Development of Thinopyrum ponticum-specific molecular markers and FISH probes based on SLAF-seq technology
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Based on SLAF-seq, 67 Thinopyrum ponticum-specific markers and eight Th. ponticum-specific FISH probes were developed, and these markers and probes could be used for detection of alien chromatin in a wheat background.
Decaploid Thinopyrum ponticum (2n = 10x = 70) is a valuable gene reservoir for wheat improvement. Identification of Th. ponticum introgression would facilitate its transfer into diverse wheat genetic backgrounds and its practical utilization in wheat improvement. Based on specific-locus-amplified fragment sequencing (SLAF-seq) technology, 67 new Th. ponticum-specific molecular markers and eight Th. ponticum-specific fluorescence in situ hybridization (FISH) probes have been developed from a tiny wheat—Th. ponticum translocation line. These newly developed molecular markers allowed the detection of Th. ponticum DNA in a variety of materials specifically and steadily at high throughput. According to the hybridization signal pattern, the eight Th. ponticum-specific probes could be divided into two groups. The first group including five dispersed repetitive sequence probes could identify Th. ponticum chromatin more sensitively and accurately than genomic in situ hybridization (GISH). Whereas the second group having three tandem repetitive sequence probes enabled the discrimination of Th. ponticum chromosomes together with another clone pAs1 in wheat–Th. ponticum partial amphiploid Xiaoyan 68.
KeywordsFISH GISH Molecular markers SLAF-seq Thinopyrum ponticum Triticum aestivum
Genome in situ hybridization
Fluorescence in situ hybridization
Wheat cv. Chinese spring
Specific-locus-amplified fragment sequencing
Decaploid tall wheatgrass [Thinopyrum ponticum (Podp.) Barkworth & D. R. Dewey, 2n = 10x = 70, syn. Agropyron elongatum (Host) P. Beauv., Elytrigia pontica (Podp.) Holub, Lophopyrum ponticum (Podp.) Á Löve] is an important forage crop (Li and Wang 2009) and a valuable gene donor for wheat (Triticum aestivum, 2n = 6x = 42) improvement because of its biotic and abiotic stress tolerance and high crossability with various Triticum species (Shannon 1978; Sharma et al. 1989). To transfer its advantageous traits into wheat, distant hybridization has been performed between wheat and Th. ponticum (Yang et al. 2006; Jauhar et al. 2009; Lin et al. 2009). Rapid and accurate characterization of tall wheatgrass chromatin would clearly improve the efficiency of applying elite genes in wheat breeding. Nowadays, cytological methods and molecular markers are widely used to distinguish and follow alien chromosomes or chromosome segments during crossing and selection (Schwarzacher et al. 1992; Kruppa et al. 2016; Sibikeev et al. 2017).
A conventional cytological method, genomic in situ hybridization (GISH), can be used to recognize related species chromosomes in a wheat background (Han et al. 2003; Sepsi et al. 2008; Wang et al. 2011). Li et al. (2003) characterized the chromosome constitution of the wheat—Th. ponticum partial amphiploid line and its derivatives by GISH. Zheng et al. (2006b) identified eight T. aestivum–Th. ponticum translocations and estimated the size of Th. ponticum chromosome segments by GISH. However, GISH is rather time-consuming and its hybridization specificity is influenced by the ratio of probe DNA to blocking DNA. Another cytological method, fluorescence in situ hybridization (FISH) with labeled cloned DNA containing a species-specific sequence, can also paint alien chromosome segments (Zheng et al. 2006a; Linc et al. 2012). Kong et al. (1999) developed a C-genome-specific repetitive sequence pAeca212 from Aegilops caudata so as to separate Ae. caudate chromosome and translocation segments from wheat chromosome. FISH localized the dispersed repetitive DNA sequence pHvNAU62 to six of seven Haynaldia villosa chromosome pairs in telomeric or sub-telomeric regions (Li et al. 1995). Using the probes developed from Thinopyrum elongatum, chromosome painting of Thinopyrum chromosomes was successfully performed (Bournival et al. 1994). However, up to now, only a few probes developed from Thinopyrum have been reported (Bai et al. 2002).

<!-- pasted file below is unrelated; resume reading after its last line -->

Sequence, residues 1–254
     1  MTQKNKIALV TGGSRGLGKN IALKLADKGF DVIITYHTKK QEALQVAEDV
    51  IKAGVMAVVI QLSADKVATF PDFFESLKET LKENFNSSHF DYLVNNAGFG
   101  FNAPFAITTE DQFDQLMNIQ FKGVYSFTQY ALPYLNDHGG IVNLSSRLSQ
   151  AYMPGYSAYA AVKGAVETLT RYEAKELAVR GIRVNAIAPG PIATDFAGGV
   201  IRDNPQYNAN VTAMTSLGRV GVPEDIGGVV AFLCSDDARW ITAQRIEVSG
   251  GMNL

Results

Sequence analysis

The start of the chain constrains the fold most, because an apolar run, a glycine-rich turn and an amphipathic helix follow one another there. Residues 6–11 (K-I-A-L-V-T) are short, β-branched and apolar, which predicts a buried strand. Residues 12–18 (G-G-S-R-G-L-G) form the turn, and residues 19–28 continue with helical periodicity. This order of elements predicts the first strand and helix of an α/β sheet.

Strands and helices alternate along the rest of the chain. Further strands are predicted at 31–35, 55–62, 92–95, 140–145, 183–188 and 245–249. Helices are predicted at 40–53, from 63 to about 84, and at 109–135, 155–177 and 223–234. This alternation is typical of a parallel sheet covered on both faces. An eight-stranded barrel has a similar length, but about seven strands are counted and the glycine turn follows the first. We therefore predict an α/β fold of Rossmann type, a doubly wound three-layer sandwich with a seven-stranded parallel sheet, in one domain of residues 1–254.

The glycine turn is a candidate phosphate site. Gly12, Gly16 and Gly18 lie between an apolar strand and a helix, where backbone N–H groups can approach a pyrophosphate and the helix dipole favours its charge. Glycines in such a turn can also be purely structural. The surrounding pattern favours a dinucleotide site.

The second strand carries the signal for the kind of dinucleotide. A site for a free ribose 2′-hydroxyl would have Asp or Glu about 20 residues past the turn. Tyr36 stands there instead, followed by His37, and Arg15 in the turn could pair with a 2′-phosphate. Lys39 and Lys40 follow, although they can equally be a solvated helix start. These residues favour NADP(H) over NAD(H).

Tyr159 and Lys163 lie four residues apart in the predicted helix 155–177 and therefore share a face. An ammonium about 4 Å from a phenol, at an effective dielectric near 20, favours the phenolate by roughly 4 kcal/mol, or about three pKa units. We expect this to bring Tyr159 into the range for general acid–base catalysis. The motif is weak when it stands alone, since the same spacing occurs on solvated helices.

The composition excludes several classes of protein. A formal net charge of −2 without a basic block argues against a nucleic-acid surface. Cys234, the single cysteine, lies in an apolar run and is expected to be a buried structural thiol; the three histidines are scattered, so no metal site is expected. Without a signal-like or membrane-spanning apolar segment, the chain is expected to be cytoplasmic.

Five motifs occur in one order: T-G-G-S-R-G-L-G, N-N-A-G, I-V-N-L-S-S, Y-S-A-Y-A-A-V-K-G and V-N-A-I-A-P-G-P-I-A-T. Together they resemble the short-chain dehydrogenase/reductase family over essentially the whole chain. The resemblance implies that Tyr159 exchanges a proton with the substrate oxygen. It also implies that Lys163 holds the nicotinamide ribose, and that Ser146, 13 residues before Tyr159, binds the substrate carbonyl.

With regard to molecular markers, developing species-specific markers for the identification of alien chromosomes is of great significance in breeding programs. In recent years, several Th. ponticum species-specific molecular markers have been developed by random-amplified polymorphic (RAPD), expressed sequence tag (EST), cleaved amplification polymorphism sequence (CAPS), sequence-tagged sites (STS), and simple sequence repeats (SSR) (Liu and Kolmer 1998; Yu et al. 2001; Santra et al. 2006; Li et al. 2007; Wang et al. 2010, 2015). Nevertheless, the existing markers are extremely inadequate to meet the needs in Th. ponticum chromatin detection. Fortunately, since next-generation sequencing (NGS) technology became available, it is now possible to achieve dense marker coverage without a reference genome (Davey et al. 2011). As one method using NGS technology, specific-locus-amplified fragment sequencing (SLAF-seq) provides a high-throughput, high-accuracy, and low-cost tool for developing an ample number of markers of Triticale species (Chen et al. 2013a, b; Li et al. 2016). In fact, 518 specific fragments on the 7E chromosome of Th. elongatum were successfully obtained by SLAF-seq, and depended on 135 randomly selected fragments, 89 specific molecular markers of Th. elongatum were developed, with efficiency of up to 65.9% (Chen et al. 2013a). However, to the best of our knowledge, the development of specific molecular markers of decaploid Th. ponticum based on SLAF-seq technology has yet to be reported.